adjective (slimmer, slimmest)
- He was slim to medium build, with cropped, mousy brown hair and spoke with a local accent.
- He was slim and strong, built like a rapier and just as fast.
- His skin was very pale and he was slim and not built up at all.
- It's gold and has a slim strap with a narrow oval face, which sparkles as if it had been sprinkled with extra fine glitter.
- New recruits should opt for slim ties - narrow to medium-narrow width.
- Manufacturer and retail catalogs also featured the guard or keeper ring, a plain slim gold band worn over the diamond ring to keep it in place.
- Fall's slim coat has a retro feel that works well with the season's more refined and polished looks.
- Just so you know, slim suits look fine, but tight suits lean toward the tacky side. starching your shirt
- His styles were luxurious, with credits to the 1950s in slim suits and dresses, and wide picture hats.
- It's inevitable there will be some job losses and we're going to be a slimmer organisation but the changes will occur in phases.
- We have not got a figure but we know at the end of the three years we will have to be a slimmer organisation.
- She has a slim chance of success, yet the financial world is slowly replacing their faith in her appeal.
- Giving birth seems like a fragile process, fraught with danger, with a slim chance of success - rather than a completely natural thing as it should be.
- Most English Catholics were appalled by news of the plot, realizing the slim chance of success, and that failure would lead to further repression.
verb (slims, slimming, slimmed)[no object] British Back to top
- With half of all Britons overweight, the government's plan to get us to slim down looks like a daunting task.
- Although Gemma has been a keen supporter of strongman competitions since she was small, she only started training in a gym six months ago, in an attempt to slim down for her singing career.
- A nutrition expert slammed the ‘lose weight’ order saying the pop world had gone mad if the girls had been told to slim down.
- His body was slimmed down for endurance, but he still had the muscles that bespoke several trips to the gym each week.
- Pop culture glamorizes their muscular bodies but, at the same time, is more preoccupied than ever with slimming women down to an impossible ideal.
- And the tiny straps of her stiletto heels slimmed her already perfect pins to the ideal.
- Some of the big news sites tried coping by slimming down the size of their pages and adding servers, but this helped only marginally.
- Mrs Candler said books would remain important to the Discovery Centre, although the reference side might be slimmed down to reduce duplication.
- Five boxes of business cards were slimmed down to three - two of mine, and one full of other people.
nounBack to top
- The priest lost 13 lb in a sponsored slim during the period of Lent.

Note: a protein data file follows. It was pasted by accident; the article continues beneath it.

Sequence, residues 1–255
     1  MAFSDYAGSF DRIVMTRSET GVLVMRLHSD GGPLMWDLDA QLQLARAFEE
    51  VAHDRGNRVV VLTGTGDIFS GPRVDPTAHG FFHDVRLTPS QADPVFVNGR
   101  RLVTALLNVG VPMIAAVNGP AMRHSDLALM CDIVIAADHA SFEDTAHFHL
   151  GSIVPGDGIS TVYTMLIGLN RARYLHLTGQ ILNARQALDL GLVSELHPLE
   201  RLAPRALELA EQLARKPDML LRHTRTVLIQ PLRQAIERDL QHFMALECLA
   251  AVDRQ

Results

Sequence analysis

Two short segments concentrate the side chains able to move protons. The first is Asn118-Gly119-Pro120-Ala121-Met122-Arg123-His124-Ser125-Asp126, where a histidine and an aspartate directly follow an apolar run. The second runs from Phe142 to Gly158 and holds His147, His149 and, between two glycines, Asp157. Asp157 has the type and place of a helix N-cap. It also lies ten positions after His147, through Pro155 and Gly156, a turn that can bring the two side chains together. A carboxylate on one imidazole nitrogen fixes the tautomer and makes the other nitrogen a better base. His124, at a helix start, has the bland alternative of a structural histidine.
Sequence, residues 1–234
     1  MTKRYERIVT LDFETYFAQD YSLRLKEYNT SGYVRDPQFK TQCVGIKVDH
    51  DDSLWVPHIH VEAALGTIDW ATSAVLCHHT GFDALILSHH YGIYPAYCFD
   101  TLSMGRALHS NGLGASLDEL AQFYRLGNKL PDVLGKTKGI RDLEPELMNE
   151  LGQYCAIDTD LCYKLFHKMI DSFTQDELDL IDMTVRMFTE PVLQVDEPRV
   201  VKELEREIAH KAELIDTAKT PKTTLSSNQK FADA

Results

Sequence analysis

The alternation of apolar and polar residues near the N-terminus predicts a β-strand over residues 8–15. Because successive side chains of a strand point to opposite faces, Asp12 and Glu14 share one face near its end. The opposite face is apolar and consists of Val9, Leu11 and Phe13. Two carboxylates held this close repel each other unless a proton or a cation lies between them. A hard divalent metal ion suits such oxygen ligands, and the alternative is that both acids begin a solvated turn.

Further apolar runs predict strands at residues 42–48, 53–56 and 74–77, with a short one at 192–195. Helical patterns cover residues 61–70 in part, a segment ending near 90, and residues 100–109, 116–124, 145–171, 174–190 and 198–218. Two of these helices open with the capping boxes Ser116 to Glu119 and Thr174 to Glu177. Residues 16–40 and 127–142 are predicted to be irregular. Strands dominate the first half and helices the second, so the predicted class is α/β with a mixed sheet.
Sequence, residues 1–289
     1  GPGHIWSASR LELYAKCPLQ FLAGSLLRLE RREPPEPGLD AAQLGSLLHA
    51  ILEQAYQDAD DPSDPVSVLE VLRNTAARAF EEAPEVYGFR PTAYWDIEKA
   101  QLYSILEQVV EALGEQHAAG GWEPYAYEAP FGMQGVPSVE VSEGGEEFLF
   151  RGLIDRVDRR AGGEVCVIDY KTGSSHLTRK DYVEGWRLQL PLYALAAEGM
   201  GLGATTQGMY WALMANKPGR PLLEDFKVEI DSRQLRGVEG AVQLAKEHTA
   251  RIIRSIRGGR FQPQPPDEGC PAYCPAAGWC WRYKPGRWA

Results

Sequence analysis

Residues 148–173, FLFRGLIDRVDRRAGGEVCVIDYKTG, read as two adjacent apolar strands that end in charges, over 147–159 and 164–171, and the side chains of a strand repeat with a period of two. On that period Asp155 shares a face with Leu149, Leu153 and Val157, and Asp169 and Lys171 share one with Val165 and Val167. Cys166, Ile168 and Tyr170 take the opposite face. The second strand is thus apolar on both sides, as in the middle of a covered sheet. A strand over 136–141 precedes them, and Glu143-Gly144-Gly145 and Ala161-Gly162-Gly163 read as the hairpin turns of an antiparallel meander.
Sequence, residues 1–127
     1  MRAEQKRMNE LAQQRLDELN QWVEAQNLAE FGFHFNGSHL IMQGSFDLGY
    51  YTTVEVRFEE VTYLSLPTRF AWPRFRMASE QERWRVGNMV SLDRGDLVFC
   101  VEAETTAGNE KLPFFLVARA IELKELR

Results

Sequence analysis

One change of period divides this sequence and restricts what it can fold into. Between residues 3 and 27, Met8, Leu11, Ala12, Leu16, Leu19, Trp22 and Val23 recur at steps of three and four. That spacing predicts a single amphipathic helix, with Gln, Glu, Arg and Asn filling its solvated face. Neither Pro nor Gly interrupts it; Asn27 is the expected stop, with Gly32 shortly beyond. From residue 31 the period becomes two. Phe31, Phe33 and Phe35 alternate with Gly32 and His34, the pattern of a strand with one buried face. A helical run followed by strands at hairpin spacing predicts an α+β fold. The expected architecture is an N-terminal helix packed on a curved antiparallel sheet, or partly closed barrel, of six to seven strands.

- He says he will not be led into temptation as he embarks on a sponsored slim during the period of Lent.
- Treasurer Helen Smith has been working steadily on a sponsored slim in preparation for a daring wing walk at Elvington Airfield on August Bank Holiday weekend.
- But their phenomenal wealth led them all into bad ways and the slim disease - Aids - has finally caught up with almost all of them.
- Because of the severe weight-loss they called it Slim disease.
- The virus that caused the syndrome that came to be known as AIDS, and that Ugandansrecognise as Slim, was only formally identified in 1984.
mid 17th century: from Low German or Dutch (from a base meaning 'slanting, cross, bad'), of Germanic origin. The pejorative sense found in Dutch and German existed originally in the English noun slim 'lazy or worthless person'; compare with the South African usage 'crafty, sly' (sense 3 of the adjective).
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- The slimly built local lad is in the form of his life and with each outing he seems to improve.
- He is tall, refined, slimly athletic, and from old money.
- The slimly built paceman bowled lengthy spells without compromising on his intensity, and struck a few key blows.
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- And doctors who can't trust would-be slimmers to tell the truth will be able to analyse their diet - fondant fancies and all - before they've even had a chance to enjoy it.
- The slimmers took part in a weekly weigh-in, and attended lunchtime clubs, which gave them the opportunity to support each other, exchange tips, share recipes and gain motivation.
- Nutrition experts also warned that slimmers who turn their back on the traditional staple in favour of more exotic carbohydrates are also in danger of depriving themselves of vitamin C.
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- Like strength to an ancient hunter and productivity to an ancient woman, slimness to a modern woman reflects self-control, self-sacrifice and good taste.
- Wise beyond his years he may be, but in terms of physique, the 21-year-old Scot knows there is some way to go before the slimness of adolescence is replaced by the muscular body of the big hitters.
- We live in an age when beauty is associated with slimness, and women everywhere are spending their money and expending their energies on trying to achieve this fashion ideal.